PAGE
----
Starting my Constellation 30 project

Discussion in 'All Things Boats & Boating' started by AJAX, Nov 20, 2010.

  1. AJAX
    Joined: Oct 2010
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    AJAX New Member

    Hey guys, quick question. I plan on completely stripping the hull before I give her a fresh coat of paint. I've heard alot of different methods of doing this, and that some of them can permanently damage the hull.

    Oscillating Sander? Orbital sander? I heard a belt sander would dig into the wood to much.


    Oh, and yes I am completely aware of the enormous amount of time I will have in this.

    Thanks for your help,


    -Alex Jackson-
     
  2. PAR
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    PAR Yacht Designer/Builder

    Material removal is more then one tool, it's about the approach. There are two basic approaches the hammer or the sponge, each has good and bad points.

    The hammer approach uses brute force to quickly remove material. A belt sander, big angle grinder or disk sander (7" and up) with 24 grit, media blasting, etc. all can be considered the "quick" way of getting things done. They lack finesse and can remove way more material then you desire in a short time, which makes them dangerous in the hands of a novice.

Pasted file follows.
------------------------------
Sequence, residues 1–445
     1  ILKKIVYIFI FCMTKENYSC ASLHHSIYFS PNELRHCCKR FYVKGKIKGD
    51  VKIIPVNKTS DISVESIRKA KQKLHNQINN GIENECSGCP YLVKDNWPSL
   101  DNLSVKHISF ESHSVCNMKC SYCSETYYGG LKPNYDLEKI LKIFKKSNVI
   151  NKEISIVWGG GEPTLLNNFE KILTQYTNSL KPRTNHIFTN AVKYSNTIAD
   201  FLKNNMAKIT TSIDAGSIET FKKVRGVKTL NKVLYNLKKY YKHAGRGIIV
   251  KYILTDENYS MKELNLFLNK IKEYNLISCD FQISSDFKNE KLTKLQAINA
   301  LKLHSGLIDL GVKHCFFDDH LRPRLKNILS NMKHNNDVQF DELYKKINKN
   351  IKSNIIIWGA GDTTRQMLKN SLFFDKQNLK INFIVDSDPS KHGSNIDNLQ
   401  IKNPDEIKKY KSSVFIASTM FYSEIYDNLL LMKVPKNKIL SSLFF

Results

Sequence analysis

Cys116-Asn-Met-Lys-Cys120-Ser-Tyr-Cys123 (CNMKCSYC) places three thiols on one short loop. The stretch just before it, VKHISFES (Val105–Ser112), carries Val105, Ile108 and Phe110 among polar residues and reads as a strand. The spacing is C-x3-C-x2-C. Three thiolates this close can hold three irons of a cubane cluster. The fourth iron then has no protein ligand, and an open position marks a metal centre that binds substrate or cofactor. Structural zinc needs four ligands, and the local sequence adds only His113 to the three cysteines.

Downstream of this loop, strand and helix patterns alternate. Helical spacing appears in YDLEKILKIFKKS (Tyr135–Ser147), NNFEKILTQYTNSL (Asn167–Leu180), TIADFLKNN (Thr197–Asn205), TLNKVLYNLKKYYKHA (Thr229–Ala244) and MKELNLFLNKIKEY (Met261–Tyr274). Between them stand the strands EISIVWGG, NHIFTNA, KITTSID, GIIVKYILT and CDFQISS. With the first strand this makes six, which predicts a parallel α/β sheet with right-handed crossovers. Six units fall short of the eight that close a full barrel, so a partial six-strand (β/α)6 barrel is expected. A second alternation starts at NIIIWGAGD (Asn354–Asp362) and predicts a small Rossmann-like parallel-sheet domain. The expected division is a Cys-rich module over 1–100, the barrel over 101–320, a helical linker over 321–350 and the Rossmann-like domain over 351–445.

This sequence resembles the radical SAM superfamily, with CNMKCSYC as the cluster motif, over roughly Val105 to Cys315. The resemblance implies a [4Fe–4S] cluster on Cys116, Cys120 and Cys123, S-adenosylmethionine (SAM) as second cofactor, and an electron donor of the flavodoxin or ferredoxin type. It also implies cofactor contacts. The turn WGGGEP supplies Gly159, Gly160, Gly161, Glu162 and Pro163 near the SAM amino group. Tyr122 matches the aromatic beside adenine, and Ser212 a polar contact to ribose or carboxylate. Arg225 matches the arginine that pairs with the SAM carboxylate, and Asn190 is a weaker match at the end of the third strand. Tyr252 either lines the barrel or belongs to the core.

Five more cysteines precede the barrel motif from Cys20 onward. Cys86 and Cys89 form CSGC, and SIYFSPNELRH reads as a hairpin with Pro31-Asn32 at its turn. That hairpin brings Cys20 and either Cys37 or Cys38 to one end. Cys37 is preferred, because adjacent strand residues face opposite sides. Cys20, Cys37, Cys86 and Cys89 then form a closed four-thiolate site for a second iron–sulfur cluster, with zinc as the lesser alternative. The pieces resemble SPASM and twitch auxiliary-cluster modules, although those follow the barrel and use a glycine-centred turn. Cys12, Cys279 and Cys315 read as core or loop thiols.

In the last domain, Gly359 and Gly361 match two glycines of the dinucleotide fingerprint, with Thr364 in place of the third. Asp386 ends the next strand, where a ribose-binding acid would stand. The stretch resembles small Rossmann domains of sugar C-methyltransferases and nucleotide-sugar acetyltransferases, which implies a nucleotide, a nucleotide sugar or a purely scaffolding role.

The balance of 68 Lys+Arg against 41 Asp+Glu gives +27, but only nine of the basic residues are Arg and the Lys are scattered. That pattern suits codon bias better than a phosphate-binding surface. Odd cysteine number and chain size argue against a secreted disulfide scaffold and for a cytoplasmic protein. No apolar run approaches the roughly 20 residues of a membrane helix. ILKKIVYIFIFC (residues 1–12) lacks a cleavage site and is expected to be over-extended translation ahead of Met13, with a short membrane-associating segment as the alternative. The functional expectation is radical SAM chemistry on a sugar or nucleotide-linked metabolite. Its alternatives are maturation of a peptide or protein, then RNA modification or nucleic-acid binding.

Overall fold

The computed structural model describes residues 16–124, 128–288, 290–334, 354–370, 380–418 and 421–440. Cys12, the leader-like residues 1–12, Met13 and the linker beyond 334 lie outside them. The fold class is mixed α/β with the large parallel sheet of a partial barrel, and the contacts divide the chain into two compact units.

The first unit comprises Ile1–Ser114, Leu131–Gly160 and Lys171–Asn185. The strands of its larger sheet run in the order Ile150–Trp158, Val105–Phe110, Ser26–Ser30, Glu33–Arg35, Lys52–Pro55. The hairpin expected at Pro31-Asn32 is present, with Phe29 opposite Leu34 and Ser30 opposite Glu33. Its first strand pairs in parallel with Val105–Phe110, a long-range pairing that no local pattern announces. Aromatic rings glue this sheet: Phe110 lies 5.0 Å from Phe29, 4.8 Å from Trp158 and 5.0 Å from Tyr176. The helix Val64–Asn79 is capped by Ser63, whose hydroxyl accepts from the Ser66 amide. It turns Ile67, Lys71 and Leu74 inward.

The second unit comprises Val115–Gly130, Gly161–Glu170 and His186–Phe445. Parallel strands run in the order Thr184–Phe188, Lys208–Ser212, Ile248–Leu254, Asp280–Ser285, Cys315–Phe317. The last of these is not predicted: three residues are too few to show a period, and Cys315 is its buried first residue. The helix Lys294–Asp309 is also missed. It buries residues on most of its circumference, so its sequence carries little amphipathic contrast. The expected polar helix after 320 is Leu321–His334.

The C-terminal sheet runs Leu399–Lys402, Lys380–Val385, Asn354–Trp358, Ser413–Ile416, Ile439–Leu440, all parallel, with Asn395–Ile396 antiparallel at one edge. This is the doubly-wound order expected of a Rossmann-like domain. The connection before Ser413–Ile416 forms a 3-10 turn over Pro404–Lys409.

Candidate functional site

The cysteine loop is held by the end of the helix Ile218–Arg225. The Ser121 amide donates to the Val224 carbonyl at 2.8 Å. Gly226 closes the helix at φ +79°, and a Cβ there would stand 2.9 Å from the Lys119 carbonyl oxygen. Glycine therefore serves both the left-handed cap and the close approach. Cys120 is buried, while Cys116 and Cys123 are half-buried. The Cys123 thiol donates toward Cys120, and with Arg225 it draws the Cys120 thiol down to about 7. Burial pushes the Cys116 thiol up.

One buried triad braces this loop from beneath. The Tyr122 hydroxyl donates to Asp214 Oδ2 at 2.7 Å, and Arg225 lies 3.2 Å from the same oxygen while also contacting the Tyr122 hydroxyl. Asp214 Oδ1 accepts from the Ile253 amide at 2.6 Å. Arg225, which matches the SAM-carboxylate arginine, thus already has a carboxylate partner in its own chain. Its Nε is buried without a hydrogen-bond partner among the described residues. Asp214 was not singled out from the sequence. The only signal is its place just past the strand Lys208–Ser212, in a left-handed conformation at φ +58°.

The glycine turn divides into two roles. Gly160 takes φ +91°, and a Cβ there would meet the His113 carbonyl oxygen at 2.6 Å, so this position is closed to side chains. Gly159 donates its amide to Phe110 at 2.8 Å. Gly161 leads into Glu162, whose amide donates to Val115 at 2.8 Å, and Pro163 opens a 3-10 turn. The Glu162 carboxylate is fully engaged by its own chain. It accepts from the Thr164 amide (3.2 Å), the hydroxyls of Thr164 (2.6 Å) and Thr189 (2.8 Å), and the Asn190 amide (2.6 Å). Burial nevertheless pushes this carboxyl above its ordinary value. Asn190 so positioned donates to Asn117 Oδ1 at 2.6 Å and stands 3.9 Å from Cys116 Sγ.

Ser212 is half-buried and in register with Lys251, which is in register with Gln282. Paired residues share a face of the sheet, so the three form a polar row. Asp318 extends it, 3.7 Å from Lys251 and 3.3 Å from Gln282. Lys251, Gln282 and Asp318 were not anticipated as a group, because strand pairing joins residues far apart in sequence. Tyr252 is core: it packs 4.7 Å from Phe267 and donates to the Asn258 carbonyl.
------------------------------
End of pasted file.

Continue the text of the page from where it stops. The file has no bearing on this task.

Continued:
The sponge approach wipes the surface. fairly easily, removing small bits of material in an easily controlled way.

    Personally, I use both approaches. Initially I'll "hack" at the surface, removing the bulk of the materiel and the belt sander is very effective, especially in skilled hands, then I switch to "kinder" methods. A "duel action" orbital sander will be most helpful.

    You may want to consider media blasting, particularly soda ash or dry ice. You don't want to hurt the wood, which is very easy with most media blasting materials, but some blasting media is "soft" enough to work very effectively and quickly. It's something you'll want to practice at, before taking it to the hull, but you can do the whole hull in a day when you've developed the necessary tool skills.
     
  3. alan white
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    alan white Senior Member

    While sanding is often considered by the beginner to be easy, it actually takes a real skill to use a group of sanders to do the job. It also takes some experience to know when to not sand. Belt sanders do remove a lot of material fast and they therefore require (along with disc sanders) the most finesse. Most brutal tools, most finesse.